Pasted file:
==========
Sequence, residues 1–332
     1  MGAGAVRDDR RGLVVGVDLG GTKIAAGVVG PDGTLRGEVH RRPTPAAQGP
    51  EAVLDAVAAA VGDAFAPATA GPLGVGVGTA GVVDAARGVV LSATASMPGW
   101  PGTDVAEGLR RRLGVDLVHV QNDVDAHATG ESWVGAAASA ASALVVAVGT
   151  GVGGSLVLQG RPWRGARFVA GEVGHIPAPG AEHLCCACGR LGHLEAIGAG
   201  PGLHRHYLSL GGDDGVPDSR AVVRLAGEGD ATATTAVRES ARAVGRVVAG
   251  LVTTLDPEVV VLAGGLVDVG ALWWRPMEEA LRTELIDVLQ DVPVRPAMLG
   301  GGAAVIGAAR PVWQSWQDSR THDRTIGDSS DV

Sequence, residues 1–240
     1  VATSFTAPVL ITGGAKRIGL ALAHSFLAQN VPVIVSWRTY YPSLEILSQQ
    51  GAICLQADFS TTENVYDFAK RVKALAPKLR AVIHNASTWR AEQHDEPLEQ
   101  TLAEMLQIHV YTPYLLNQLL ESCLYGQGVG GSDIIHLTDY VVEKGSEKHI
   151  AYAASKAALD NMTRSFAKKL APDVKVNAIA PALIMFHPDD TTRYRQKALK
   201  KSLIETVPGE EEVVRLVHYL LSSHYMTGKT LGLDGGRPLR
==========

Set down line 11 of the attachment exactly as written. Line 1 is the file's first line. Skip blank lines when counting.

    51  GAICLQADFS TTENVYDFAK RVKALAPKLR AVIHNASTWR AEQHDEPLEQ